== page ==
Post largely rewritten after seeing it again 8/9.
Friend: You’re going to see Mamma Mia? My mother loves Mamma Mia!
Me: No, MY mother loves Mamma Mia…
You’d never know it by looking at her, of course, but she has seen the play in nearly every jurisdiction where it’s been performed (e.g., London, New York, California, Hamburg…). I myself have seen it in each of the first three locations at least once. Unless you absolutely hate ABBA, it’s always good for a toe-tapping good time. The play cleverly weaves together many of the most famous ABBA songs along with plenty of humor and female-empowering themes.
So we decided to go catch a matinee of the movie on its opening day. I felt some trepidation going into it: a movie is a very different dramatic medium than a play. Would it still work? Or were its enjoyable qualities dependent on it being a piece of live theater?
On retrospect I think this anxiety clouded my initial take on the movie. It definitely seemed different, and I equated those differences with deficiencies. But seeing it the second time, with a better idea what to expect, allowed me to better appreciate it.
True, even on second viewing I still had some issues. Not that the original play was some Shakespearean drama, but I’d always felt it had its own self-contained balance. Although it may just be that I’m not remembering the play quite right, the movie struck me as being significantly edited-down from how I remembered the musical. The story involves three older male characters and three older female characters, and I remember the stage production exploring each one reasonably equally. But in the movie only one of the men and one of the women ever were significantly developed. The others were almost treated as afterthoughts, which I thought was too bad, not just because they were interesting characters played by capable performers, but also because the abbreviation rendered their performances uneven. I thought, for instance, after the first viewing that Colin Firth came off as too buffoonish. On second viewing I could better see the internal logic to his character, but it was still fainter than I think it should have been. Of course, maybe I’m just annoyed that Firth didn’t get more screen time… He’s a fine actor, and I’m sure he could have done something substantial with it.
One of my other significant concerns with the cinematic adaptation came at the end. Like in the play, the main leads appear in full 1970’s sequined regalia for a performance of “Waterloo,” a seminal ABBA rocker that otherwise had no place in the rest of the story. It makes for a good climactic encore in the stage performance, but in the movie the cinematic choice of shooting it in an empty and echoing set, breaking the fourth wall to attempt to include the audience in its little joke, was a huge sour note. It would have been vastly more appropriate to instead have reveled in its energy and excess, and left the audience on the same musical high that the stage companies do.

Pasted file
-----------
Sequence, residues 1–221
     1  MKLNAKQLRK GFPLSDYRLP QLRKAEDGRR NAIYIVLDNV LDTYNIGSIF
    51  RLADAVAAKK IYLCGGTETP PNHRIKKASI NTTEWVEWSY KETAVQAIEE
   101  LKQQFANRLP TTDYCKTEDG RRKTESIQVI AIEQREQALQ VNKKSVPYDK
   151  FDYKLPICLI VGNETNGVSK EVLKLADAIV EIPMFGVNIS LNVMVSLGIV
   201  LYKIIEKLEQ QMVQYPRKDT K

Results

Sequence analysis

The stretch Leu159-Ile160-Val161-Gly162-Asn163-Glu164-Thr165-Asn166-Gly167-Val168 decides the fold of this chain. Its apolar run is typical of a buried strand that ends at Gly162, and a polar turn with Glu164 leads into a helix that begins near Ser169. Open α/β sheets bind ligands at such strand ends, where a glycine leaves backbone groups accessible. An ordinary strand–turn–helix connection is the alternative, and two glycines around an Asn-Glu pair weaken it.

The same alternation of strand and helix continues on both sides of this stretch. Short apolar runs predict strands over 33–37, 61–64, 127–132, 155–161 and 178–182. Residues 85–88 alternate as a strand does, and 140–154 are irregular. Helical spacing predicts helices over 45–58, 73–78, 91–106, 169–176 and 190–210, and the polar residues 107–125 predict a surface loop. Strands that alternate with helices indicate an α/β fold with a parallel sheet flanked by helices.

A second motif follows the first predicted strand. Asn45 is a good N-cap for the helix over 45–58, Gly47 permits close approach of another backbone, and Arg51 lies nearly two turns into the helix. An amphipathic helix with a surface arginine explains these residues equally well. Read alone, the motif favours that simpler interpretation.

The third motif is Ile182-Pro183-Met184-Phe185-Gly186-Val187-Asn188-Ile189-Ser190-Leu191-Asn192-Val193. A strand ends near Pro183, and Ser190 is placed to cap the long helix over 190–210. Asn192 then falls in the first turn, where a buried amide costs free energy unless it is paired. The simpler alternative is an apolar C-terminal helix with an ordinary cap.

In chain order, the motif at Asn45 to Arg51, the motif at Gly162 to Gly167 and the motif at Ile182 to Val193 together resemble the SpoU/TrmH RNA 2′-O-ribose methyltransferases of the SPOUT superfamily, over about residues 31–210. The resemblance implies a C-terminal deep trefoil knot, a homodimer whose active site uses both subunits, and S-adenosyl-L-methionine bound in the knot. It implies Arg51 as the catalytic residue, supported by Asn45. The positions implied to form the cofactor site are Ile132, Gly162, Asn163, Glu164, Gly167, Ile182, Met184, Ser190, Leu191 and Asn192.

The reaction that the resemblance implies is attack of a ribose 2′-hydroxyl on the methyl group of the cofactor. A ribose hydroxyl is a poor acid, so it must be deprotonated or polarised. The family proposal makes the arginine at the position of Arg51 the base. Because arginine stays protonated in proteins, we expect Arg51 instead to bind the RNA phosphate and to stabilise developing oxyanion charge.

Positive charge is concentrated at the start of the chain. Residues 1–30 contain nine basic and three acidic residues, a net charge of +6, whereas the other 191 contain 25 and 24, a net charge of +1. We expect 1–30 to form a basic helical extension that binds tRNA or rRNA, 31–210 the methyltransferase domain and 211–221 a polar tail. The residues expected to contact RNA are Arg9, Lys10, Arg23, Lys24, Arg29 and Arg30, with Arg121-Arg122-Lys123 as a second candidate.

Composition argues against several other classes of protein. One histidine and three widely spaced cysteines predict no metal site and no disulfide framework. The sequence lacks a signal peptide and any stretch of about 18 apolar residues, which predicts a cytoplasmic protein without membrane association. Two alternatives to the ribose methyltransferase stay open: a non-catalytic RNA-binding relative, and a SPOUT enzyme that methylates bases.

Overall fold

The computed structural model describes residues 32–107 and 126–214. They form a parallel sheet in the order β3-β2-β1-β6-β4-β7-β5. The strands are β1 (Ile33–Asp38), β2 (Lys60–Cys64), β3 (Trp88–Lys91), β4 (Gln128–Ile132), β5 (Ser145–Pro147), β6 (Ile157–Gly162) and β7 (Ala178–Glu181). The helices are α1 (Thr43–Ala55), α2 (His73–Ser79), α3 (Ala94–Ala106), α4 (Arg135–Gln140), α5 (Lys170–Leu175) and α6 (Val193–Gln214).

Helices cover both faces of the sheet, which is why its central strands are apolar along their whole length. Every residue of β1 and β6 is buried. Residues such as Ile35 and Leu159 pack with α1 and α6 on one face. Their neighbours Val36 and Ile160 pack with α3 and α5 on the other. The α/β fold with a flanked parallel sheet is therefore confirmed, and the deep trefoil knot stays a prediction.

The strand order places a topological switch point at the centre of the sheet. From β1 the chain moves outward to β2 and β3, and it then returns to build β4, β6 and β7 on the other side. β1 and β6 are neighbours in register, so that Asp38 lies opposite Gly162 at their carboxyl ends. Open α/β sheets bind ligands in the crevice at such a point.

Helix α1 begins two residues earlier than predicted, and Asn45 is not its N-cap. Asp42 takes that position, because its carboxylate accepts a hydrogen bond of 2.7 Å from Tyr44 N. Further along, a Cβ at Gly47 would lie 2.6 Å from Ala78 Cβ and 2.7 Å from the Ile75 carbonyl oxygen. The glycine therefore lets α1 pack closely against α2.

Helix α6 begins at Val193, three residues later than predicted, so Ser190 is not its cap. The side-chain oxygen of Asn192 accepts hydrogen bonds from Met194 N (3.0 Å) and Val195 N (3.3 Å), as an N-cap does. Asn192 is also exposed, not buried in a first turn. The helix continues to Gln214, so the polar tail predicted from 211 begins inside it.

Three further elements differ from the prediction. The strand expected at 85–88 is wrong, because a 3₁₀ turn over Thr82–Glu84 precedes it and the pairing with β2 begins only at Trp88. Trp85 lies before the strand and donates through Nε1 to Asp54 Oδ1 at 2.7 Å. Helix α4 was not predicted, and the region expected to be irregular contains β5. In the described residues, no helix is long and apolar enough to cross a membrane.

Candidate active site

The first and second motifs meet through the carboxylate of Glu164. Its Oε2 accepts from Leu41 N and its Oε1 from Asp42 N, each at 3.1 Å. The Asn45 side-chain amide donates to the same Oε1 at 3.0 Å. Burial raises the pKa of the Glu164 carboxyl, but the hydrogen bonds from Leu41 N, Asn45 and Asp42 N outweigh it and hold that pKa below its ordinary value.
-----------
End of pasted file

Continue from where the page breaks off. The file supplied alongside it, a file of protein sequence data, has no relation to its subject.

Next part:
But on second viewing it didn’t bother me as much, and I found myself better able to forgive the movie’s various other instances of unevenness. At the same time, however, even on the first viewing I recognized there were certain scenes that worked really well, like the “Dancing Queen” number, which was well-shot, well-mixed, and creatively envisioned. The movie converted the song from being a disco ode to a teenage clubber to an anthem of female empowerment, and the result was very entertaining and uplifting.
Actually, by and large I’ve always been impressed by the music in the movie. It was the area in which failure was most greatly tempted, but I cannot, and could not even after the first viewing, condemn any of the singing performances. Most reviews I’ve seen are united in their praise for Amanda Seyfried’s performance, which I agree with too. But anyone who doesn’t also think the movie contained a fine performance by Meryl Streep both comedically and musically is just wrong…
I also disagree with the criticisms directed toward any of the older men. To be sure, Firth probably had the best voice of the three and it was unfortunately under-exploited. Still, I give them all props for even attempting what could so easily have been a career-limiting move, yet my admiration is not predicated on them merely having managed to avoid disaster. Despite what some have said, Pierce Brosnan actually can sing. True, the range within which he can truly belt a note is relatively small, but he can certainly carry a tune and even emote through his singing, which many even more musical than he can’t do. I particularly enjoyed his “SOS,” which he carried off with the same gravitas as if he were negotiating for hostages. Which perhaps was a little more than the occasion called for — it is, of course, still a musical of strung-together ABBA songs and therefore inherently cartoonish to some degree — but except for the finale during the credits it was still good to see the characters take themselves seriously within this particular little universe.
So ultimately my overall opinion of the movie may remain what it was after the first viewing, that it’s a good movie that seems like it could have been better. But, like the original play, it’s still definitely good for a toe-tapping good time.
(PS: Randy Barnett at the Volokh Conspiracy liked it too.)